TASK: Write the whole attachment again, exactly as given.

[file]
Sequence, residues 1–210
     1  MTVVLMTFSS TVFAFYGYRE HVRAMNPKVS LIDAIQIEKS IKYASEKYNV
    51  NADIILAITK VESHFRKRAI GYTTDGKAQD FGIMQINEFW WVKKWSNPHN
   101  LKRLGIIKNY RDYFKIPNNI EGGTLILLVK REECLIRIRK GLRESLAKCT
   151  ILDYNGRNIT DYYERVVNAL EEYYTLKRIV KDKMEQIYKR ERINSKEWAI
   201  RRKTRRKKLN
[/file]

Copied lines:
Sequence, residues 1–210
     1  MTVVLMTFSS TVFAFYGYRE HVRAMNPKVS LIDAIQIEKS IKYASEKYNV
    51  NADIILAITK VESHFRKRAI GYTTDGKAQD FGIMQINEFW WVKKWSNPHN
   101  LKRLGIIKNY RDYFKIPNNI EGGTLILLVK REECLIRIRK GLRESLAKCT
   151  ILDYNGRNIT DYYERVVNAL EEYYTLKRIV KDKMEQIYKR ERINSKEWAI
   201  RRKTRRKKLN